Visits to conservation projects in the Netherlands, Norway  and elsewhere on the European continent provide an extra dimension of interest in the book, and she introduces us not only to their fauna, e.g. European bison, but to the interesting and inspiring characters who manage the projects.  

Some of the large herbivores that she wanted to restore proved difficult  to settle. The aurochs, the ancestral bull, is now extinct, and bison were not available, so she and Charlie  had to use Old English longhorn cattle, which settled well. Also rejected were Heck cattle, a breed deriving from Nazi attempts to breed back the aurochs, for these cattle were considered too aggressive for an estate where local people go walking. Also difficult were the pigs. Wild boar could not be introduced as the estate was popular with walkers, so ginger Tamworths were introduced instead.These pigs, whose snouts are similar to those of a boar, did a great job in clearing land where there were weeds. Wild roe deer were also brought in as the estate began to turn itself into a much more wooded area.  

The  Exmoor ponies proved an attractive introduction.These hardy steeds have dwelt on Exmoor in the south west of England since the end of the Ice Age and bear a similarity to the horses in the cave paintings of France. The reason for having such variety in a small area is to have herbivore suites,  range of animals with complementary grazing patterns. This proved successful.   

A joyful element in the book is the reintroduction of beavers to Kneppe. These European beavers were brought from Scandinavia as part of a general reintroduction for the sake of water management, which in a time of climate change is causing problems in Britain. The book does a detailed study of the issues of water management and flooding and is very informative.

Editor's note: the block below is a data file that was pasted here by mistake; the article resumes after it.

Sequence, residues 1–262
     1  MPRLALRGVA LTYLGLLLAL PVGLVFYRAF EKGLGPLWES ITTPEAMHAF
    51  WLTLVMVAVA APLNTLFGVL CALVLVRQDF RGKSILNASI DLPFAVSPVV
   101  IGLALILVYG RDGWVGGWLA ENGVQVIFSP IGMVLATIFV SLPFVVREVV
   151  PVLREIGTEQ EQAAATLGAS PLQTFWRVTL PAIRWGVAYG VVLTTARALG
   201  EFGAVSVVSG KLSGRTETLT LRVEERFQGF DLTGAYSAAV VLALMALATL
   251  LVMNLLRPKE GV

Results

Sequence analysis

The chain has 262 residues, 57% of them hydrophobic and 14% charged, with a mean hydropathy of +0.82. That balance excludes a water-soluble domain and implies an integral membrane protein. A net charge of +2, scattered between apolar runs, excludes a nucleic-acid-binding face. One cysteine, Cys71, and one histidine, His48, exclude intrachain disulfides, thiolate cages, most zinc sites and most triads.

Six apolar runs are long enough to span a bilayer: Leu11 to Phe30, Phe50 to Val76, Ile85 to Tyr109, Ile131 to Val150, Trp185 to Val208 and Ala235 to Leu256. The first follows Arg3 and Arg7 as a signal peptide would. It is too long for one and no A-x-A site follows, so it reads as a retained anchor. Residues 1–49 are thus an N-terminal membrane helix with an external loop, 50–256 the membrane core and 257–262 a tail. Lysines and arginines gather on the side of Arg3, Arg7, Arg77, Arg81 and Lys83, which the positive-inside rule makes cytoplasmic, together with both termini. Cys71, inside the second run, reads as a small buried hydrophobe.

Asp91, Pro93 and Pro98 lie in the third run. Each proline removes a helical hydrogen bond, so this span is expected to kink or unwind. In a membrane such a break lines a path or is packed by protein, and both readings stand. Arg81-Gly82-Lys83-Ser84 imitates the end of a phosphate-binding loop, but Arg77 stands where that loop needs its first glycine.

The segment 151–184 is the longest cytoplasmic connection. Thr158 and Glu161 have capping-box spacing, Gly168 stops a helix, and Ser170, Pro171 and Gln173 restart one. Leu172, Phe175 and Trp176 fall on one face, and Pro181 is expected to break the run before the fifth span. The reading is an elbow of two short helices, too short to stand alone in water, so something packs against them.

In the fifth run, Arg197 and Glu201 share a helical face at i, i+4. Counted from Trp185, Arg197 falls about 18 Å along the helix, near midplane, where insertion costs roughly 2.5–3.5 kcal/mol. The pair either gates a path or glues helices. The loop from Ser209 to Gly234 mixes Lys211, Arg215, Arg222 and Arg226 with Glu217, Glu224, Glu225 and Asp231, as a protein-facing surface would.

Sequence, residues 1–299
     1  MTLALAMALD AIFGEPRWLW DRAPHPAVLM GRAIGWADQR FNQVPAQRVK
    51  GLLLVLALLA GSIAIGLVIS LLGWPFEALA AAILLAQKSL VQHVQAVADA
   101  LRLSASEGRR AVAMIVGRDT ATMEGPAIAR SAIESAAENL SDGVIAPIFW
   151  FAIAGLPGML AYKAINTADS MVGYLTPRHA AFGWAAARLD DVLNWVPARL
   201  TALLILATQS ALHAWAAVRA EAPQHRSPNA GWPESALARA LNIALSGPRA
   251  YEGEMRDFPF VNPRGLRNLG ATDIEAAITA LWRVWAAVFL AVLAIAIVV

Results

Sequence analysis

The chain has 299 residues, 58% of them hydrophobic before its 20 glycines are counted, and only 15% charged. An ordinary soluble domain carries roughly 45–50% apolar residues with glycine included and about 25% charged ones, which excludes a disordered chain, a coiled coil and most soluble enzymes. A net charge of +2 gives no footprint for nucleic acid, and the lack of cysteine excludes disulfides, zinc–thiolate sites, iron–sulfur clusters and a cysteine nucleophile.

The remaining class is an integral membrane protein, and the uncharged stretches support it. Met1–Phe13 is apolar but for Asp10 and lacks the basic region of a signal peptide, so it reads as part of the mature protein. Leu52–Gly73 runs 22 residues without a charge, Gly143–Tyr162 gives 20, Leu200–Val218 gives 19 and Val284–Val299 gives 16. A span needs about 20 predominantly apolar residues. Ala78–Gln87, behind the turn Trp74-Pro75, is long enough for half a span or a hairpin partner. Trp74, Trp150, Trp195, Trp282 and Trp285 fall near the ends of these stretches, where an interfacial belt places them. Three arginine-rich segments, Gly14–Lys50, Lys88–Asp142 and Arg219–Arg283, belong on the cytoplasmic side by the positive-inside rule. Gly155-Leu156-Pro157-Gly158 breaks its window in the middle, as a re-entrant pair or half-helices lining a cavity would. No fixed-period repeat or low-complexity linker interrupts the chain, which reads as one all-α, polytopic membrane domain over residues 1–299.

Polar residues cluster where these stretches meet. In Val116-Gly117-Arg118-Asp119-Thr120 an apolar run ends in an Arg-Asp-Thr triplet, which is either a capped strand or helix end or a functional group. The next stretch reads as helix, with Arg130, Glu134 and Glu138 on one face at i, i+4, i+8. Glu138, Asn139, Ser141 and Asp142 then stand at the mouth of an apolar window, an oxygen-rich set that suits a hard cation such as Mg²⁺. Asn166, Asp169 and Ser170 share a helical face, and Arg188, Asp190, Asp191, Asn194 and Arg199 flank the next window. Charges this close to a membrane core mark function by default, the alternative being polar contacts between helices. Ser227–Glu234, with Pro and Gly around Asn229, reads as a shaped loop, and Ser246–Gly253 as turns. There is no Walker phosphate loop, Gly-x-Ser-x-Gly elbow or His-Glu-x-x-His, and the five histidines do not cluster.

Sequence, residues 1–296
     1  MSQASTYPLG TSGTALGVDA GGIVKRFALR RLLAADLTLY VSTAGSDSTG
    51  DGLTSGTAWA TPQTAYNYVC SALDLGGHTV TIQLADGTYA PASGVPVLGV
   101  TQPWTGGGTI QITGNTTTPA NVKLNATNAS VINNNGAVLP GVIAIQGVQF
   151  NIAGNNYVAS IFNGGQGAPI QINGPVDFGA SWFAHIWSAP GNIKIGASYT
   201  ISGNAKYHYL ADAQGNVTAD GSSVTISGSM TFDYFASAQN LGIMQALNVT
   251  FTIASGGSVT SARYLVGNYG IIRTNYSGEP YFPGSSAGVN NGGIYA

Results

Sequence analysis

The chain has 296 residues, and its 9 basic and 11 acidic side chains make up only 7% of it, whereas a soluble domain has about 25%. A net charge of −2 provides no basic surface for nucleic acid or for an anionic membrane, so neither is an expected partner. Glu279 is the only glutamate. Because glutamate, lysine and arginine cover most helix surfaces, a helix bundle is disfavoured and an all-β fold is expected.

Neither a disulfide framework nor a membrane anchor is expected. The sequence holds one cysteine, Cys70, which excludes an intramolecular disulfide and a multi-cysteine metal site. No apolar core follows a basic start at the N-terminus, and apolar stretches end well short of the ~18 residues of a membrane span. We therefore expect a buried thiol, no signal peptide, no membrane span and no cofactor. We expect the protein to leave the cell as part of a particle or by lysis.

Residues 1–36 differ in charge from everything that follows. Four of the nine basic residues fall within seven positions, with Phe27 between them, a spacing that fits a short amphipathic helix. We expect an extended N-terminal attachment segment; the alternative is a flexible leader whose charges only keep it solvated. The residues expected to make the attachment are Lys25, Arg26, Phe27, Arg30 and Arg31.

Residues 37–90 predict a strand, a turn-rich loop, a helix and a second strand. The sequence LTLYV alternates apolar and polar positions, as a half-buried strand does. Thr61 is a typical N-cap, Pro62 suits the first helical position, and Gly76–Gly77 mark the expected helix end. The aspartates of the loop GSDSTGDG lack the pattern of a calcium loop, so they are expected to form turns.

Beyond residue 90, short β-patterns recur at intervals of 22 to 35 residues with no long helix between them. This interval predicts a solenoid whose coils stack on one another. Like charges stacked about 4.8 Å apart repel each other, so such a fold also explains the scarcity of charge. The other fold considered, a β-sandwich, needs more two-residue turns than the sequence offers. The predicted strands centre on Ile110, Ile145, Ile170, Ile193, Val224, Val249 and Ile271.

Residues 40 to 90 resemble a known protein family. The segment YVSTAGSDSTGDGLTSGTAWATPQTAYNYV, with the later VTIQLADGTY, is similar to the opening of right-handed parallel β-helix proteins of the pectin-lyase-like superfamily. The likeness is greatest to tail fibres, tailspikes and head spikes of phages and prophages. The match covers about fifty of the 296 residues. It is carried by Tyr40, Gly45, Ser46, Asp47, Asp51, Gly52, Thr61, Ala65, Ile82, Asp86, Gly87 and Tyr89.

This book is an excellent and enjoyable read. As a gardener I particularly enjoyed and appreciated the chapter on rewilding the soil, which is so informative about the edaphon, the combined mass of biota found in soil that I intend to read it again to digest more of its ideas.    

The book is written in a clear style, treading well the narrow path between writing too simply and academic language.We are clearly  reading the work of a successful journalist and experienced writer here. I unreservedly recommend this work to readers in the full confidence that you will find it informative and enjoyable.    

Updated: 04/10/2019, frankbeswick
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frankbeswick on 04/19/2019

BSG,selecting animals was a major issue. Bison were not available and anyway were not to my knowledge found in Britain. The wild cattle of the Chillingham herd are descended from the ancient British wild cattle that roamed the wildwood,but they are dangerous to handle.So they were not considered.

frankbeswick on 04/19/2019

Derdriu, I replied to your post seven days ago, but my reply is not on screen.It must be some mistake on my part! Yes, Kneppe was a royal property that was passed on.

The dawn chorus of birds was a well-known phenomenon, though wildlife decline has weakened it. The turtle dove is now very rare in Britain, and it is not present in my area, the North West of England.

blackspanielgallery on 04/18/2019

The difficulty in selecting animals is itself a major feat.

DerdriuMarriner on 04/11/2019

frankbeswick, Thank you for the review and the products. The Wikipedia article on the European turtle dove has a recorded passage from Hampshire, England. It's a lovely song that doesn't sound at all like the Carolina turtledove (actually the unrelated American mourning dove, Zenaida macroura). The latter may be heard here every day at about 7:30 in the morning and in the evening. Would that not at all be an occurrence among European turtle doves?
Wikipedia gives the Kneppe spelling as Knepp. It mentions the former castle as built by William de Braose (relative of the William who was executed by John's daughter Joan's husband Llywelyn the Great?) and rebuilt by King John. Was it a royal property that somehow lost its royal status?